Posted by: randyhaaggolf | July 4, 2011

McElyea grabs 2011 Monterey City Championship

Yes, these are the tough ones to report, as yesterday was a very very tough and disappointing day at the Old Del Monte course under bright blue skies. I was surprised when I showed up at the course to find myself in the last group with the leaders Cory McElyes and Grant Rappleye. I started the day 3 behind Cory, and after nine holes was dead even with him after making 4 birdies and one bogey on the front side. The difficulty of the course was only in the pin placements on many of the severe slopes, making any downhill putt very challenging.

I first pulled an iron for the tee shot on #10 and after seeing Cory and Grant with drivers I decided to give the green a go as well (this is a driveable 300 yard par 4 with trouble left and right). I hit a perfect tee shot the ended on the back of the green 20 feet from the hole. Cory left his drive in the left greenside bunker. After a 2 putt and par for Cory I had the outright lead at -8. The 11th hole provided me an opportunity to stretch the lead by one or even two shots as Cory left his bunker shot in the bunker, but got the next one up and in for par. I was unable to convert my 6 foot downhill birdie attempt, but still felt in control with momentum on my side.

THEN it seems I made the same mistake I’ve been making over the past several events, the short par three 12th was downwind and playing 156 yards, with the wind blowing a little stronger I tried to quick hit my 9 iron, which resulted in a missed green to the right, followed by a poor chip and bogey. I then was back tied with Cory going into the par 5 13th hole. This hole was playing short and a must birdie situation to keep the momentum going. Cory blocked his drive and hit a provisional ball, my tee shot was poorly hit down the middle. We found Cory’s tee shot under the right tree, which he followed up with a driver out of the rough under the tree from 250 yards out that rolled onto the green about 15 feet from the hole. He went from maybe being out of bounds to having a short eagle putt. I hit a poor 3 metal left of the green, followed by a poor flop to 10 feet, but I made the tricky sidehill putt to stay even with Cory.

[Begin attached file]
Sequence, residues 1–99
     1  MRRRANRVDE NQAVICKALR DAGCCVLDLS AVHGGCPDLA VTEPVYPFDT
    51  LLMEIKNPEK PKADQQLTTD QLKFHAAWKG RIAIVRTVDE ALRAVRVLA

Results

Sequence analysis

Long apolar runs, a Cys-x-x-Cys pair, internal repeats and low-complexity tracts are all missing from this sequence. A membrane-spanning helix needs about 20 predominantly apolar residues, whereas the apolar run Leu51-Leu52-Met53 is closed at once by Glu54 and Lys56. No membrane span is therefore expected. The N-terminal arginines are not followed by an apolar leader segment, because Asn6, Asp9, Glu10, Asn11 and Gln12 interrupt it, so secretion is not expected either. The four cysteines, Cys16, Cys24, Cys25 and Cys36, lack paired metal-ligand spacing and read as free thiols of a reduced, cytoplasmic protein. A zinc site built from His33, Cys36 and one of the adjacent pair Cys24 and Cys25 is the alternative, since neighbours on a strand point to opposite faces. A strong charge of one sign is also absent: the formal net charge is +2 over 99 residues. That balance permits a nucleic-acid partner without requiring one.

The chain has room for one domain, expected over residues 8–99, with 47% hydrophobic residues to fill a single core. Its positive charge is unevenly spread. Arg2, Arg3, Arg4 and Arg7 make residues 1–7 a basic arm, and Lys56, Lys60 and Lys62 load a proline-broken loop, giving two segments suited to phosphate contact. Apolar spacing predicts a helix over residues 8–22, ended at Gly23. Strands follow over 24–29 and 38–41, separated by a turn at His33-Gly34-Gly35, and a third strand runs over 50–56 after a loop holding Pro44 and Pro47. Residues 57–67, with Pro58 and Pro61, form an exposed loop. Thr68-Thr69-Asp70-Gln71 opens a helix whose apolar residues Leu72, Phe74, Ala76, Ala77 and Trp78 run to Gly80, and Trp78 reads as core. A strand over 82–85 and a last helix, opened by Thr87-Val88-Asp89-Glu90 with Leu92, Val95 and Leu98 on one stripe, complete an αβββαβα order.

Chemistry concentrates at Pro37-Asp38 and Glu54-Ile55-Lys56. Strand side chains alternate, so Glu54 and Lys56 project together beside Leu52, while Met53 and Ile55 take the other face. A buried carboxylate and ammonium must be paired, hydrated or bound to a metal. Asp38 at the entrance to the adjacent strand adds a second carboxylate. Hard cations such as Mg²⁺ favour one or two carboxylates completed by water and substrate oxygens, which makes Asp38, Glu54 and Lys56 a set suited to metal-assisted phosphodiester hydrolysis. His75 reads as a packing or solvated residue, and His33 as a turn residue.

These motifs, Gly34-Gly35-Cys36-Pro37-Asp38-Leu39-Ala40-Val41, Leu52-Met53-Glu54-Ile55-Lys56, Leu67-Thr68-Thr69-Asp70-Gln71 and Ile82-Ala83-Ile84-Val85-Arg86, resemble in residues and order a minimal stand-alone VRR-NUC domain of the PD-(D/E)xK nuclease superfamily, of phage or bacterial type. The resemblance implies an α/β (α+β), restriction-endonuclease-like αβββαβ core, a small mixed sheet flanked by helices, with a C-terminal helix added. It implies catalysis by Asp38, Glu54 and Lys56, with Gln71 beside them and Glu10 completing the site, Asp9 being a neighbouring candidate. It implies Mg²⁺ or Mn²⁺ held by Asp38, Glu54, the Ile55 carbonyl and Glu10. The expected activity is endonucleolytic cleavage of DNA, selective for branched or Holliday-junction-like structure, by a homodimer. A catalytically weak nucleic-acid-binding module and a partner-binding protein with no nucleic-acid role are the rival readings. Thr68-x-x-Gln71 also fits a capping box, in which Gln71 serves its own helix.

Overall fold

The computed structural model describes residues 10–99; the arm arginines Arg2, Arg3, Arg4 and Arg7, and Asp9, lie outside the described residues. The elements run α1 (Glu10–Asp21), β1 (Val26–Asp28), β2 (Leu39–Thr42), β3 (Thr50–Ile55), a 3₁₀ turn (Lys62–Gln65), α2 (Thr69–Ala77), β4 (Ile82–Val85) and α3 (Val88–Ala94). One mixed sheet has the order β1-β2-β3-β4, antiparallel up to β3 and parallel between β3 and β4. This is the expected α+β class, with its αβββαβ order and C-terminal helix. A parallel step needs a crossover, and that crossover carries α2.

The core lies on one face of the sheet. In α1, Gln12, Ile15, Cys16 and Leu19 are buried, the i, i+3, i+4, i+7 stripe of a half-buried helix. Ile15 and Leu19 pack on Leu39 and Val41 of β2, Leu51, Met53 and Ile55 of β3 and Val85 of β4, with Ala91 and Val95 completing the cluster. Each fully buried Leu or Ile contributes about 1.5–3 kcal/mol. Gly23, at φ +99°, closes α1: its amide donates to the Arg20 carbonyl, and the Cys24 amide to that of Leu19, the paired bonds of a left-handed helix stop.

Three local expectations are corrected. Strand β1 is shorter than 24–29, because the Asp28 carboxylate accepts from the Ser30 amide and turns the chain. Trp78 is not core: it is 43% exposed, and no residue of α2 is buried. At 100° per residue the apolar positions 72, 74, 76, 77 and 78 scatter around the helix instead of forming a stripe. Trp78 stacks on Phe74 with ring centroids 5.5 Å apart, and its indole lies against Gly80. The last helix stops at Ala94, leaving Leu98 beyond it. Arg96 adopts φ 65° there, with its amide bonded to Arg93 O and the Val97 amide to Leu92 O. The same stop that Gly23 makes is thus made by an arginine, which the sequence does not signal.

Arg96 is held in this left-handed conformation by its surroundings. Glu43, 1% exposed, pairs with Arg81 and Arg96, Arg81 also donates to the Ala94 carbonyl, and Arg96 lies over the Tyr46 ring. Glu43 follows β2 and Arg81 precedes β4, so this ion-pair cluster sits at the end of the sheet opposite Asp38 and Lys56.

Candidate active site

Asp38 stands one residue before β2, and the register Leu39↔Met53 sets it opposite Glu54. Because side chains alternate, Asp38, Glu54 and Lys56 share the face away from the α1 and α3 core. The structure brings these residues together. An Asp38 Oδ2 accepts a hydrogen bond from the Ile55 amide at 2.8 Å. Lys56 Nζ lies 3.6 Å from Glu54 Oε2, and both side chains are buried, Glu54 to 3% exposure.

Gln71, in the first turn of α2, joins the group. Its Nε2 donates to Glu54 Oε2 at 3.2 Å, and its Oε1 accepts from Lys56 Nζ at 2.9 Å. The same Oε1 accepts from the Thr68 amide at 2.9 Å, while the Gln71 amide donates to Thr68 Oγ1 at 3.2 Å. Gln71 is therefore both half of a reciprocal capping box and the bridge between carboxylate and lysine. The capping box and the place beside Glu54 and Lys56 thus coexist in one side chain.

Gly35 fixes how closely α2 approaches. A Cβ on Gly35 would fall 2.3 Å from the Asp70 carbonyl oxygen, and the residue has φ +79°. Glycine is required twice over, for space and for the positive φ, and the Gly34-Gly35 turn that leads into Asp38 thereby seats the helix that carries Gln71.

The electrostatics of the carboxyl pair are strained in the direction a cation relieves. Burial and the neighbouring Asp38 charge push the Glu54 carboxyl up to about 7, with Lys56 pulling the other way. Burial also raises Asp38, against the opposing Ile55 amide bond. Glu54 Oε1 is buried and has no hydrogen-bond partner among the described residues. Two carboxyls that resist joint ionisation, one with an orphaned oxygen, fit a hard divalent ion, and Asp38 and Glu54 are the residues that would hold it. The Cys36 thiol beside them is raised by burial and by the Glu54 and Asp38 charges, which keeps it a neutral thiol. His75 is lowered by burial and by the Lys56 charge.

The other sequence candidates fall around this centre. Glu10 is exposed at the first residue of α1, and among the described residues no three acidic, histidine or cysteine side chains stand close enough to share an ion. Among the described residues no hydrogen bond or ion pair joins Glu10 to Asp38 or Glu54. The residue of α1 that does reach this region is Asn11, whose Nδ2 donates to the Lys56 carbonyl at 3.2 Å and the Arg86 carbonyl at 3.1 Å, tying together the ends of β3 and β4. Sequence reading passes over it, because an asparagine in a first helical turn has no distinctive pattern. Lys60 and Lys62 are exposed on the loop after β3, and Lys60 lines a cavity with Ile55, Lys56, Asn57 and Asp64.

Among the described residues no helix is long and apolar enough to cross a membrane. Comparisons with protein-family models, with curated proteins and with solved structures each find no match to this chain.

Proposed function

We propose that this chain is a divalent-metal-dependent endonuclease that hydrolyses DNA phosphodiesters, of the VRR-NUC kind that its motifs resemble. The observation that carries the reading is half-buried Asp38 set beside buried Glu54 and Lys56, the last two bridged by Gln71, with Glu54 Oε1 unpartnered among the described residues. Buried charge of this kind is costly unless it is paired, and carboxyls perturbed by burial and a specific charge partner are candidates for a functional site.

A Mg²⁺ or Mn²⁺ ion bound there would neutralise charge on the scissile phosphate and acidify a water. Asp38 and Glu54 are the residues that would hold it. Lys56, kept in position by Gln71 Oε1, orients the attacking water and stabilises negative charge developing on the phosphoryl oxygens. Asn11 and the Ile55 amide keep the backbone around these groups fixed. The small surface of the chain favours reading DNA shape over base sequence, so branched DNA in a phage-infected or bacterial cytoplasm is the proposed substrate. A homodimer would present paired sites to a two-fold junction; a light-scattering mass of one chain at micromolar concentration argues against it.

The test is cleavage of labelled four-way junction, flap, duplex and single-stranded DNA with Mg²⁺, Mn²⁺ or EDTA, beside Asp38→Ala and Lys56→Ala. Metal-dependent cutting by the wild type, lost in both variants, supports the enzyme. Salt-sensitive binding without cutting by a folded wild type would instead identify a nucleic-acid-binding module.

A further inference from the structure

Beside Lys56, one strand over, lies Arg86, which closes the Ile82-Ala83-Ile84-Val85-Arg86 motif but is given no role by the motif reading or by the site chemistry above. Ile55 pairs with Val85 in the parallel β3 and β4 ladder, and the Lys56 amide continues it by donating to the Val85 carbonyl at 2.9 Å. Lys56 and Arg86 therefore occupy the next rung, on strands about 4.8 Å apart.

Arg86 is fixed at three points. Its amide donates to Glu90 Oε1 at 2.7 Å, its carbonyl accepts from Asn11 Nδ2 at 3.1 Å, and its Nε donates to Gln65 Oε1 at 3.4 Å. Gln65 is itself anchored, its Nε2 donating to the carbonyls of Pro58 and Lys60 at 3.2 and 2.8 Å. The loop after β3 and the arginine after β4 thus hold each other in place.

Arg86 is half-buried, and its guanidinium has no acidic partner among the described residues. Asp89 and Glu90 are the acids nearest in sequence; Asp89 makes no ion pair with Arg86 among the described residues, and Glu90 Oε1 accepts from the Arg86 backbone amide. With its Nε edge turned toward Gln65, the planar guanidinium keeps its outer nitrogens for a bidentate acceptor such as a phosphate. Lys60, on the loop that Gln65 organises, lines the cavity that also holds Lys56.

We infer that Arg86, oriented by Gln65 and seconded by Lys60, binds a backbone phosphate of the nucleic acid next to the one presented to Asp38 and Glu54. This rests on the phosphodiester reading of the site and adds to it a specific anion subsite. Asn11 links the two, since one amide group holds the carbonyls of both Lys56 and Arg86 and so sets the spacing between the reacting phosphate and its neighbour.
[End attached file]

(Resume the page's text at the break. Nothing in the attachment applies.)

After Cory hit a great shot on the par three 14th hole playing 212 yards with a 4 iron, for some reason I felt I could hit a 5 iron to the front of the green. I hooded the club slightly and over swung hitting a rope hook left in the high rough and almost certain bogey. After my mental mistake on 14 for bogey, I followed it with another one at 15 hitting a 5 iron off the tee to far right in the rough, quick hit a wedge short right resulting in another bogey and a two shot deficit with three to play. After striping drives on 16, 17 and 18 I was only able to birdie 17 which Cory birdied as well and settled for a T2 finish.